Off the coast of Texas lies the longest stretch of undeveloped barrier island in the world: Padre Island National Seashore. Just over 70 miles long with over 65 miles Gulf beach, much of this massive island hosts a variety of untouched beach, dune, and tidal flat environments. Over 380 bird species can be found on this island depending upon the seasons, thanks to the Central Flyway, a major migratory route for birds.
Among this incredible scenery is Laguna Madre, one of the most significant and pure lagoon ecosystems in Texas. This rare hypersaline lagoon protects the coastline and provides a safe nesting grounds for sea turtles, resting areas for migrating birds, and a watery home for dozens of finfish species.
We only had time for a day trip, so from Corpus Christi, we drove south for about an hour to the only visitor center within the park. We took a quick turn around the small museum and bookstore before taking a hike on Malaquite Beach. Near the island’s north end, Malaquite Beach is rarely crowded, and we could walk southward unhindered for 65 miles to the end of the island if we wanted to. We encounter brown pelicans on the wing, cowardly little ghost crabs escaping into their little sand burrows, and the occasionally beached Portuguese Man-of-War. A genuinely peaceful setting to tempt any weary soul into giving it all up just to stay here.
South Beach Drive
We make our way back to the visitor center and to our truck for a drive on South Beach. I’m surprised to learn that you can camp right on the beach. There are a few RVs parked along the grass line. It’s primitive camping, so no sewer, electricity or water hookups. Cellular reception is non-existant, so folks camping out here will truly be getting away from it all. For about five miles, driving on the beach is easygoing and smooth.
We spot a number of folks enjoying themselves with ocean fishing, sunning, and even kite flying. One activity that caught my interest is beachcombing. Padre Island is the first national park unit I’ve been to where they allow people gather and take home items found on the beach. Natural and cultural resources are protected at the National Seashore, but you are allowed to keep up to a five-gallon bucket filled with treasures that you find so long as they do not contain any endangered animal parts, actual live animals, or historical artifacts. I’m told by a local that the best beachcombing sites are at Small Shell Beach (10-mile marker) and Big Shell beach (20-mile marker), which you need 4×4 wheel drive to get to by land. I would suggest checking with the ranger before you go.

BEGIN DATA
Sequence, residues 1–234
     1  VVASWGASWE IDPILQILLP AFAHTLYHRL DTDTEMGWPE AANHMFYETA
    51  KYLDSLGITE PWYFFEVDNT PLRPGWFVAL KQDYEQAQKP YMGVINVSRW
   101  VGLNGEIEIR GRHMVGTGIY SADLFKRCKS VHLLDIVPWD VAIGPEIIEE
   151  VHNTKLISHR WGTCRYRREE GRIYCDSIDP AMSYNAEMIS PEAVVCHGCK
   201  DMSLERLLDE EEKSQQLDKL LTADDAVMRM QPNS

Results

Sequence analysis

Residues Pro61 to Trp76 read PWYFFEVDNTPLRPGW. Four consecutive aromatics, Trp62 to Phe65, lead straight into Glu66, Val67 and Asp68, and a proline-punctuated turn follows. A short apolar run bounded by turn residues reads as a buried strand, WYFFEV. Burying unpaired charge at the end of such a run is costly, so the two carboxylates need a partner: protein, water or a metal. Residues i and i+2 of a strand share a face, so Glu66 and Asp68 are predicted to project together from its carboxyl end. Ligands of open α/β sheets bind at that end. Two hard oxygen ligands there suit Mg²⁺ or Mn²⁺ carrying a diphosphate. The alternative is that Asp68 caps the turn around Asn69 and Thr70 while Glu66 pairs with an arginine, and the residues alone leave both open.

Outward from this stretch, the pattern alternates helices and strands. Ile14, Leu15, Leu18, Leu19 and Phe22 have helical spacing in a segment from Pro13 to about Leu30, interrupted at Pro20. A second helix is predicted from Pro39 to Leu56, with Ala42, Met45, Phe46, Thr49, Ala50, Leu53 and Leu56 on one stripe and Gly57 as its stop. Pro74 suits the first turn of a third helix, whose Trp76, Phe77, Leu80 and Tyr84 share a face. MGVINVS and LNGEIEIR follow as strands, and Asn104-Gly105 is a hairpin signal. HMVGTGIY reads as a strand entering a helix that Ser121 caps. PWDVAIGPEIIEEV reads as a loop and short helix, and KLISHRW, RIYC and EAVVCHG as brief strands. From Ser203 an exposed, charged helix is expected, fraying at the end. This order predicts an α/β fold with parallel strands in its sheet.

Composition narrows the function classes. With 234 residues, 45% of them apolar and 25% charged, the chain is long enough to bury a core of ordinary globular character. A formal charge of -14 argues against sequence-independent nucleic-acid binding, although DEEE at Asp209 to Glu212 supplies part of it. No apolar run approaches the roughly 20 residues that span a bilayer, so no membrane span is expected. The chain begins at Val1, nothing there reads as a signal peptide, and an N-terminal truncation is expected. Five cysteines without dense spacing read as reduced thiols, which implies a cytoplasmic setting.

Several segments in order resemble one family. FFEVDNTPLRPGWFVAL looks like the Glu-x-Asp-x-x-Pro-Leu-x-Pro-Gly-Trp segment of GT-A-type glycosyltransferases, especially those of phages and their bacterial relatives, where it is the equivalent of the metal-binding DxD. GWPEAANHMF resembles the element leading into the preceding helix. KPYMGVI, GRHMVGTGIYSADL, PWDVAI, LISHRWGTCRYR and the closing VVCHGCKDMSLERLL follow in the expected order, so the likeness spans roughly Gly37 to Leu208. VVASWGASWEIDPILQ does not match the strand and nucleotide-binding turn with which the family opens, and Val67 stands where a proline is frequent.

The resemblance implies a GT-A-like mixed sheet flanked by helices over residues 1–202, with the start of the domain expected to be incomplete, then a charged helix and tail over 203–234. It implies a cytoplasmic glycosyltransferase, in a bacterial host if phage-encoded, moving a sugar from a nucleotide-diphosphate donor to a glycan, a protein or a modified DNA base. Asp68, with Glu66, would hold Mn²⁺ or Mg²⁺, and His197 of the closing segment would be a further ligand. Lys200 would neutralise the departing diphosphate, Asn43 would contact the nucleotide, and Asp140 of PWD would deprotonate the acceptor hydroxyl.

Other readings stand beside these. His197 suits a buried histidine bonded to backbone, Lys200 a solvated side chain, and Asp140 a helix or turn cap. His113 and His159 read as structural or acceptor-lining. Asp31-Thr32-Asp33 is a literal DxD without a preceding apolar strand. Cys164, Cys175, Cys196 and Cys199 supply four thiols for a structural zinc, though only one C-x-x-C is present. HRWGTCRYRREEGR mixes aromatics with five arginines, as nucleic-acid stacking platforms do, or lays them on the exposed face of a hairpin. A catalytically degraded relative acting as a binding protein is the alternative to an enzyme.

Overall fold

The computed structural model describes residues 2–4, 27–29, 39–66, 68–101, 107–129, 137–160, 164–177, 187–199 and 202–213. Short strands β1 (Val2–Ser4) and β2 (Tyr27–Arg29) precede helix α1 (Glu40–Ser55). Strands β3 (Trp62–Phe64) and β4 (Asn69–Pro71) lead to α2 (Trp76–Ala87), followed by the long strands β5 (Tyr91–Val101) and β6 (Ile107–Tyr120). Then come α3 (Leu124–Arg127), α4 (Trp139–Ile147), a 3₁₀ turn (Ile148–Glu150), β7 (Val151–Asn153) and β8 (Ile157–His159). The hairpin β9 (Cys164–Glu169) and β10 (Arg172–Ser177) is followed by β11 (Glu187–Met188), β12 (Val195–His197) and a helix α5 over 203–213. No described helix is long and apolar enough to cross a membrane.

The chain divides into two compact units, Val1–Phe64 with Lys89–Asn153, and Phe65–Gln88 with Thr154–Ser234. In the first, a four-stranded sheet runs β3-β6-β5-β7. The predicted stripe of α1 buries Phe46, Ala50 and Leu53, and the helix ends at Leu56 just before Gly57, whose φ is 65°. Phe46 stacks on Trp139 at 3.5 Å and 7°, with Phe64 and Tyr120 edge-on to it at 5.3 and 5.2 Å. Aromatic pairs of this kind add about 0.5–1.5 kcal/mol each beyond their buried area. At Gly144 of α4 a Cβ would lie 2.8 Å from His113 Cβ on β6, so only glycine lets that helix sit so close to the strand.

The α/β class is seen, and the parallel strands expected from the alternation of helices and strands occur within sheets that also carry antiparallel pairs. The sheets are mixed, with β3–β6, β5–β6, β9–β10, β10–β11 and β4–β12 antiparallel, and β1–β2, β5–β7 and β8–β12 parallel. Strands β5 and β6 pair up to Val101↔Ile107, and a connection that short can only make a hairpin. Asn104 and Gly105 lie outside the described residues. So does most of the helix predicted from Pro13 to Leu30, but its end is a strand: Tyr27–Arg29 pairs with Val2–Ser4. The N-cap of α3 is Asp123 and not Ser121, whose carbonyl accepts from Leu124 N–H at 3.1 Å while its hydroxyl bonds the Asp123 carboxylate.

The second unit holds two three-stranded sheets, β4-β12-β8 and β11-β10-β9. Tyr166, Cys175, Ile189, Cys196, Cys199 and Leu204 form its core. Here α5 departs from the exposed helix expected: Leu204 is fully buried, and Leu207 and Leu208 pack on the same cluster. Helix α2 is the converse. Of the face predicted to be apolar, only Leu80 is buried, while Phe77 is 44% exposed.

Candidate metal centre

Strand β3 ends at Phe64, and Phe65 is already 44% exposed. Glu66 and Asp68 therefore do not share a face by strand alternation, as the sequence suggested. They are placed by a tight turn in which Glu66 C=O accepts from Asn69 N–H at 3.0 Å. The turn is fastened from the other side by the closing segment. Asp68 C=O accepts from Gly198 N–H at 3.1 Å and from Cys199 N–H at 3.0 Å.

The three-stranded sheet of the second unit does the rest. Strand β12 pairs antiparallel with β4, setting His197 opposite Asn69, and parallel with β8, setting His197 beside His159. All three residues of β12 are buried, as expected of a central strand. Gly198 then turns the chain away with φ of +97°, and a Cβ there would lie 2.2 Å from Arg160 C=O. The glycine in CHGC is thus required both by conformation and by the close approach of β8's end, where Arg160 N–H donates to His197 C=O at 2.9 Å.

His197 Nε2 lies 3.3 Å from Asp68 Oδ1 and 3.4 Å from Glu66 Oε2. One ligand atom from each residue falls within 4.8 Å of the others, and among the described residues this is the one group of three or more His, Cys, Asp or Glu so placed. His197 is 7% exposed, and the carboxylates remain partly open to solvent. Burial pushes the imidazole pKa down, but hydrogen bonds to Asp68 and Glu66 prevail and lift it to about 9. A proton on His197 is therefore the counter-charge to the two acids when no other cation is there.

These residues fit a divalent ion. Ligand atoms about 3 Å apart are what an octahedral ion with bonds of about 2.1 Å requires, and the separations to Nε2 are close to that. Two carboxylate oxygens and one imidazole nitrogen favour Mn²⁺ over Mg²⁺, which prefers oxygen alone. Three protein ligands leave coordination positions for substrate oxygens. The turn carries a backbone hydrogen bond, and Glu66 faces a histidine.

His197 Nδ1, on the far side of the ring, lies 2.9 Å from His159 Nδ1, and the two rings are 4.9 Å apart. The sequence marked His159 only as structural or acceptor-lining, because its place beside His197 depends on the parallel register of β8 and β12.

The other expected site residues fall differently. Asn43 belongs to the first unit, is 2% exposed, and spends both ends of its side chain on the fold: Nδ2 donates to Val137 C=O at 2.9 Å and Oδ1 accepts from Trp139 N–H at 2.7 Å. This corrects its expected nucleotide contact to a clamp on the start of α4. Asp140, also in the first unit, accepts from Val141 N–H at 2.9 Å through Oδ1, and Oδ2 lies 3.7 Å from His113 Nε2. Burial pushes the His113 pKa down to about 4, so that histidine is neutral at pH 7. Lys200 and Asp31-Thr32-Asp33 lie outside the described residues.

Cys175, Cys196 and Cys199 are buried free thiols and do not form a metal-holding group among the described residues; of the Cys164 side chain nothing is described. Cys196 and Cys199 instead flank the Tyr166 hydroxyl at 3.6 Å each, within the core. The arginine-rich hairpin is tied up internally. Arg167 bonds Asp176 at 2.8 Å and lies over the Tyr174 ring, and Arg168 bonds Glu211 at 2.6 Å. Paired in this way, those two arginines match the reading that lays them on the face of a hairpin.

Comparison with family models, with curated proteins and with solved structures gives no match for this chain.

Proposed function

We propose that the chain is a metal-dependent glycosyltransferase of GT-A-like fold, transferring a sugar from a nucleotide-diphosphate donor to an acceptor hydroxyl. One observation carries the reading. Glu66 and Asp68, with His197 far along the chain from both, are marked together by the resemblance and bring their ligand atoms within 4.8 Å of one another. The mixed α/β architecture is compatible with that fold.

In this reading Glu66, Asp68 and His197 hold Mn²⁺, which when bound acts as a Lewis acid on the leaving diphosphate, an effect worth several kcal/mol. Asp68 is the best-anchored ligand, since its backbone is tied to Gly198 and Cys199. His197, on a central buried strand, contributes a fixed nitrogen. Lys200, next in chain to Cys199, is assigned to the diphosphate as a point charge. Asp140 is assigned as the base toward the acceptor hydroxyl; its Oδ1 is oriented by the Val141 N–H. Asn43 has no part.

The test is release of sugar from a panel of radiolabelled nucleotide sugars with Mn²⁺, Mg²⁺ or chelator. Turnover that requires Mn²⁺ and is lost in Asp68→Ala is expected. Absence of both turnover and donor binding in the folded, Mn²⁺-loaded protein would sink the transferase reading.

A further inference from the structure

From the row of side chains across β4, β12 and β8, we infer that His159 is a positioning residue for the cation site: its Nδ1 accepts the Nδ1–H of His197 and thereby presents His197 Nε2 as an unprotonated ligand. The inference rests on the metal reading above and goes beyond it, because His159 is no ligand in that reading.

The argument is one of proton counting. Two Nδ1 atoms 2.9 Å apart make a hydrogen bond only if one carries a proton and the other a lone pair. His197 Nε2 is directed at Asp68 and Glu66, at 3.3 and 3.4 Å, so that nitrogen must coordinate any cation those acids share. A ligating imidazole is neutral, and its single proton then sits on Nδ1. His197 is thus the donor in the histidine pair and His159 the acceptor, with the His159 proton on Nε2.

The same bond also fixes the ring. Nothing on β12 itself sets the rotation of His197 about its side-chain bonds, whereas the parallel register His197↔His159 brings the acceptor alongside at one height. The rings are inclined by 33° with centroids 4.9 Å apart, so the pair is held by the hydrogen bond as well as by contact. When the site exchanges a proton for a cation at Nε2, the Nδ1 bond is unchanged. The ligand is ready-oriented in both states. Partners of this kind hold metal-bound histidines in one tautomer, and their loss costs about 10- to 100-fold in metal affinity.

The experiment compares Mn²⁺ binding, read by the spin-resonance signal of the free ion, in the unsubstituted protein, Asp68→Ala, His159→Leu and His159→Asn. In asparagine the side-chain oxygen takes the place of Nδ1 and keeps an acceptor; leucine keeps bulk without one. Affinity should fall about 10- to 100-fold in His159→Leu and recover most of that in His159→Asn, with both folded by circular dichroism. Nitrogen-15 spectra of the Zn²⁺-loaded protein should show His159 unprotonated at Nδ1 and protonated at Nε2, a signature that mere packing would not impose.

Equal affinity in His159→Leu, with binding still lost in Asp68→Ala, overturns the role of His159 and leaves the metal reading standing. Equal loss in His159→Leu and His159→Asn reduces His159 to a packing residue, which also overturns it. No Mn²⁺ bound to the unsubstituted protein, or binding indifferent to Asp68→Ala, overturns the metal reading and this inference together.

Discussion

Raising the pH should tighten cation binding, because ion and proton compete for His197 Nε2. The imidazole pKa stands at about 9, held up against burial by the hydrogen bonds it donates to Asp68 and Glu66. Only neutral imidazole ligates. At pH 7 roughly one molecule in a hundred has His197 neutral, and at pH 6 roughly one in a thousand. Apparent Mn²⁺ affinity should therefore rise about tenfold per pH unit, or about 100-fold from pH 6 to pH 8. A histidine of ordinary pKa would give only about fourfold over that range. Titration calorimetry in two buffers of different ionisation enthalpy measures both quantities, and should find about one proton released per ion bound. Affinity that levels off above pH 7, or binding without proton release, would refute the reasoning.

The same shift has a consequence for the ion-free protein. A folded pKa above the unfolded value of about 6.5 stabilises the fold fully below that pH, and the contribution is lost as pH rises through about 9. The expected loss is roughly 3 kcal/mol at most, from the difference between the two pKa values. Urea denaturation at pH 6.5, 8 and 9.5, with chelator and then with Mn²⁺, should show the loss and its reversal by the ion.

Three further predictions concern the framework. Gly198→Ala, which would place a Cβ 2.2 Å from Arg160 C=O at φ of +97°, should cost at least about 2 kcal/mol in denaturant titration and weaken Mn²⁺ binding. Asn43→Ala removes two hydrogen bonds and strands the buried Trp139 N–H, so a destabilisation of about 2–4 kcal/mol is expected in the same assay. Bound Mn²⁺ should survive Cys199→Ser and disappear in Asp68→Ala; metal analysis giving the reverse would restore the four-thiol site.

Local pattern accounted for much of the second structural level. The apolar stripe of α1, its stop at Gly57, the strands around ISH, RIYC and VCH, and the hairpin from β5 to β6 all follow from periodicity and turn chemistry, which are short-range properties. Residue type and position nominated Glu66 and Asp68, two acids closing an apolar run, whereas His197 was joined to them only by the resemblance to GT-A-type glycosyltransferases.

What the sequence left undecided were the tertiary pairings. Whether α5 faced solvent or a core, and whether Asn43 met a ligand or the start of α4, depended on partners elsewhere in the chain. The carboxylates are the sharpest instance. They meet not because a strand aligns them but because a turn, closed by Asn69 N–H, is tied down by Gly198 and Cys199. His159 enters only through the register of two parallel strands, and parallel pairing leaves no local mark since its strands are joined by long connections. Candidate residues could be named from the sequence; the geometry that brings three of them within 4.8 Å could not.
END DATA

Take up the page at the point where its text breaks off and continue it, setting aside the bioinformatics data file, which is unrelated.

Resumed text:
Missed the Sea Turtles
All five of the sea turtle species found in the Gulf of Mexico find something they need at Padre Island National Seashore and in its adjacent waters. When we arrived at Padre Island, we were about a month too soon to witness sea turtles nesting and two or three months out from watching a hatchling run. When they happen isn’t exact, but according to the rangers, sea turtle season can happen between April to September. They also have a Facebook page and Hatchling Hotline for info on sea turtle activities.
If you do get a chance, you find that Kemp’s ridley sea turtles nest here more than at any other location in the U.S. Juvenile green sea turtles live in the waters here year-round, and adults nest on Padre Island in low numbers. Loggerhead sea turtles also nest in the park in low numbers and forage offshore. Leatherback sea turtles travel through the Gulf and historically nested here. Hawksbill sea turtles also travel through the area, finding food and rest along the way. All of these species are federally listed as either endangered or threatened. Padre Island National Seashore is the only location in Texas where nests from all five of these species have been found.
Fun in the Sun
On the Laguna Madre side, we saw kayakers, canoers, and windsurfers enjoying themselves. Folks looked pretty happy fishing from their boats. November to April is peak birdwatching season on the island. There are also plenty of birdwatching tours that will take the avid birder to the hot spots. One bird I was hoping to see was the White-tailed Hawk. But alas, I think we were too late to see them soaring above the grasslands and nest on the island. That alone makes this destination worthy of a re-visit for me!